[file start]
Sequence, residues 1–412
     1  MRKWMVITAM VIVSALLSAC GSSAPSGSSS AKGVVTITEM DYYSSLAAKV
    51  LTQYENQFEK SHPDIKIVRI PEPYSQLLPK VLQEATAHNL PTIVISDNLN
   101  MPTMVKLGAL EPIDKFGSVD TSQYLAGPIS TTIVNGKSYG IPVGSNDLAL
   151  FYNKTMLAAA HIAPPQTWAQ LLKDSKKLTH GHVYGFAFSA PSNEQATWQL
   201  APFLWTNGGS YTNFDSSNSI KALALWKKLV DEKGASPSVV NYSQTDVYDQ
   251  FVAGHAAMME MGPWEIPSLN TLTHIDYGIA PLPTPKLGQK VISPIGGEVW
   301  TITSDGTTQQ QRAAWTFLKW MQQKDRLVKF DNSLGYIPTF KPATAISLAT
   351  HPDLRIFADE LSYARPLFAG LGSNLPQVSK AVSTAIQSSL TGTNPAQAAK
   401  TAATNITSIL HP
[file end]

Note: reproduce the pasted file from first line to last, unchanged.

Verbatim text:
Sequence, residues 1–412
     1  MRKWMVITAM VIVSALLSAC GSSAPSGSSS AKGVVTITEM DYYSSLAAKV
    51  LTQYENQFEK SHPDIKIVRI PEPYSQLLPK VLQEATAHNL PTIVISDNLN
   101  MPTMVKLGAL EPIDKFGSVD TSQYLAGPIS TTIVNGKSYG IPVGSNDLAL
   151  FYNKTMLAAA HIAPPQTWAQ LLKDSKKLTH GHVYGFAFSA PSNEQATWQL
   201  APFLWTNGGS YTNFDSSNSI KALALWKKLV DEKGASPSVV NYSQTDVYDQ
   251  FVAGHAAMME MGPWEIPSLN TLTHIDYGIA PLPTPKLGQK VISPIGGEVW
   301  TITSDGTTQQ QRAAWTFLKW MQQKDRLVKF DNSLGYIPTF KPATAISLAT
   351  HPDLRIFADE LSYARPLFAG LGSNLPQVSK AVSTAIQSSL TGTNPAQAAK
   401  TAATNITSIL HP